Although the book focuses upon addressing the discrepancies between South Asian culture and Islam, you do also recognise that, in some cases, certain South Asian cultural practises are performed in harmony with Islam and in ways which nurture Muslims.

Can you highlight some positive aspects of South Asian culture?

I think that there is much hospitality in the treatment of one’s guests in South Asian culture and this includes generous offerings of food. The guests are treated well and given great importance. I think the hospitality given to one’s guests can celebrate the positive aspects of the culture.


I also think that the beautiful traditional and cultural dress called shalwar kameeze can look very much in harmony with the Islamic way of dressing because it does not only feel comfortable but can look modest, and yet also appear graceful and elegant.

Towards the end of the book, you recommend the benefits of voluntary work. What are your experiences and what do you particularly value about volunteering?

I think many of us do things voluntarily in our everyday lives such as picking up a friend’s child from school or helping with someone’s shopping. My own personal experiences of volunteering that I can think of are cooking for a sick neighbour, setting up a Sunday School to teach Islamic studies and volunteering to give advice at the Bureau when I was still working there as a trainee. I think what I value most about volunteering is that it is a way of socialising with others whilst doing‌‌something productive at the same time. You learn new skills, share knowledge and I think it is a great way of making friends.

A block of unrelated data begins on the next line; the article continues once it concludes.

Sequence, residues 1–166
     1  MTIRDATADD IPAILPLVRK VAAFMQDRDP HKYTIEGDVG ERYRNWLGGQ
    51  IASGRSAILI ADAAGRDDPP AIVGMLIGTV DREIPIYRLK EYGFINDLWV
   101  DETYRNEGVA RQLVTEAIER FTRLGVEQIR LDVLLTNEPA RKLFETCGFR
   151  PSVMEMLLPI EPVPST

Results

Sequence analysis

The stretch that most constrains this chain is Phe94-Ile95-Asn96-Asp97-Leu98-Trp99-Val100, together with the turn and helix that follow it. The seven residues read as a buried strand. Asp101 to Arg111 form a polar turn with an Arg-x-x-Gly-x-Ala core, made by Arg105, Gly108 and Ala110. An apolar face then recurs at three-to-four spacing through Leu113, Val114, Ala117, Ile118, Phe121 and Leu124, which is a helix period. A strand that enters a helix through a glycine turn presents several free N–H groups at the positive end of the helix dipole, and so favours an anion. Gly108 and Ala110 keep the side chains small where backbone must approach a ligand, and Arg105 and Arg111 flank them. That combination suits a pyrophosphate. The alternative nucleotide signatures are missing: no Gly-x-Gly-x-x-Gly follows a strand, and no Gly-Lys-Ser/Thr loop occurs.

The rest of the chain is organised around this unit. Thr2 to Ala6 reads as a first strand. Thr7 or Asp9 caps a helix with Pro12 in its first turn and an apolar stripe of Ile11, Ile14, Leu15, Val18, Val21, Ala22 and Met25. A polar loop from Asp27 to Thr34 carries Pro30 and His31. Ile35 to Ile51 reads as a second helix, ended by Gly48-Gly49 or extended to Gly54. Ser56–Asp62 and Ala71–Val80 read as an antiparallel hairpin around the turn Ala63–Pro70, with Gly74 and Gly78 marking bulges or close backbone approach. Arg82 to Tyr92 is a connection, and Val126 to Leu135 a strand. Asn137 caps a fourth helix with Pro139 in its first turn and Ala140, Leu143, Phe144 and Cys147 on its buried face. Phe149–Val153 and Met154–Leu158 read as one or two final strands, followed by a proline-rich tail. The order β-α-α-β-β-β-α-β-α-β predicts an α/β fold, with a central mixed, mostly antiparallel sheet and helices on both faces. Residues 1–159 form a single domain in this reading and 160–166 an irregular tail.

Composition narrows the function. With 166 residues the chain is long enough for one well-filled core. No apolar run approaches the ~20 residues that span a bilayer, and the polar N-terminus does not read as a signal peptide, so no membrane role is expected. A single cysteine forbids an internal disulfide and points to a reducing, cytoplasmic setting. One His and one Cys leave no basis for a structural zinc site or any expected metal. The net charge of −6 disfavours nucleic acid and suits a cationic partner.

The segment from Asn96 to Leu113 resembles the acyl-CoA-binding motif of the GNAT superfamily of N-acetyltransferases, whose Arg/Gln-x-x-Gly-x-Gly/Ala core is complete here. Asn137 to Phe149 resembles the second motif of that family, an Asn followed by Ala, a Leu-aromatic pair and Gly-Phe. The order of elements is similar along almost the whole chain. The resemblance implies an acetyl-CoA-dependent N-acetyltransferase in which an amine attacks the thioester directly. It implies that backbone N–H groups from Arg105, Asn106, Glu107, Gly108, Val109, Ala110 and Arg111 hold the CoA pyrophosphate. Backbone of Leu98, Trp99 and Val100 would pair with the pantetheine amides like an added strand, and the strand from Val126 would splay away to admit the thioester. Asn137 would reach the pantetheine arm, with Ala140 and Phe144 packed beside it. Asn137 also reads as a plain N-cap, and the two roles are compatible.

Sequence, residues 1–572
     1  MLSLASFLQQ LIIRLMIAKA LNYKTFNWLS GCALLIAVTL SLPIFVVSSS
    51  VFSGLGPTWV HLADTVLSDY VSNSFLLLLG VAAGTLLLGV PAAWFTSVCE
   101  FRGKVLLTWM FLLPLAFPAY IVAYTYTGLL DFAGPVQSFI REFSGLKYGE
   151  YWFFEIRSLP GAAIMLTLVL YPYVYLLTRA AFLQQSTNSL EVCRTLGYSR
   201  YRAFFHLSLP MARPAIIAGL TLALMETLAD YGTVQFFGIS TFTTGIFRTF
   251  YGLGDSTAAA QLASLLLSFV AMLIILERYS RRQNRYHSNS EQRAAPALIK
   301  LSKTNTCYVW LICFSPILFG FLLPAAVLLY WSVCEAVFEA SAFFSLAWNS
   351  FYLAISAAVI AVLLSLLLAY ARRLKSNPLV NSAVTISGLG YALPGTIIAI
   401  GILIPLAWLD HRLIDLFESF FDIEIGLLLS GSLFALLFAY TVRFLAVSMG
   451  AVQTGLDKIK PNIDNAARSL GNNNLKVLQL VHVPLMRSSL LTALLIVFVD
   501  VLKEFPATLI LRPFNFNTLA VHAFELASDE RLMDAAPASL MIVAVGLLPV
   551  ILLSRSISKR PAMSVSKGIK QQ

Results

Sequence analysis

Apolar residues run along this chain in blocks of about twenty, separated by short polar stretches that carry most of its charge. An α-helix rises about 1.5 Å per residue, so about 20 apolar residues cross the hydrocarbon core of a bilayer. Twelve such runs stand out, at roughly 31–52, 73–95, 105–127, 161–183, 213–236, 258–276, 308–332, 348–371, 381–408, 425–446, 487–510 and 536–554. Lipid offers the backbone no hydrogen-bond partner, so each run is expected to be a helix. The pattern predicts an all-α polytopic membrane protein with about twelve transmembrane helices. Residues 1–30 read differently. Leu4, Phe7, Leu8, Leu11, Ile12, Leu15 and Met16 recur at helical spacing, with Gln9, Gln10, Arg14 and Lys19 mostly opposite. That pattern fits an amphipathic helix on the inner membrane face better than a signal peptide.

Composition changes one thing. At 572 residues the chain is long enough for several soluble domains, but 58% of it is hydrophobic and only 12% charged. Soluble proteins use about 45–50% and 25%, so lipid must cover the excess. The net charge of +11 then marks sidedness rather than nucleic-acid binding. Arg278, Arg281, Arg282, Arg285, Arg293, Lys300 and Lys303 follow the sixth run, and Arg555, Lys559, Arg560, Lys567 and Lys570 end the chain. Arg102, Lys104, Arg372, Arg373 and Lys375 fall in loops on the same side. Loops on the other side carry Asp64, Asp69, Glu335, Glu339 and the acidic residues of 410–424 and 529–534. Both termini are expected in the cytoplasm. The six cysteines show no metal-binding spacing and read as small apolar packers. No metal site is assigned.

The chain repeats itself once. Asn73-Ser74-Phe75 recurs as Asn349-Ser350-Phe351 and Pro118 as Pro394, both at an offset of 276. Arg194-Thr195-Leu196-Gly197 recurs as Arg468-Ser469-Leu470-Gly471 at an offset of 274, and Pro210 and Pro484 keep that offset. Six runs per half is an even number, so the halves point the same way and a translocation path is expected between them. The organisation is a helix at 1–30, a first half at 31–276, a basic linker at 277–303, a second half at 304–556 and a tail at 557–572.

Masha Allah, you have made a section from the book freely available on your website. Why is that important to you?

The oppressive culture mentioned in the book is a very widespread problem and the internet has a better chance of reaching many parts of the world that the book may never get to or people may not be able to afford to buy the book. And of course passing knowledge is in itself an ongoing charity.

What advice would you give to sisters who are experiencing oppression, or who know of others experiencing oppression?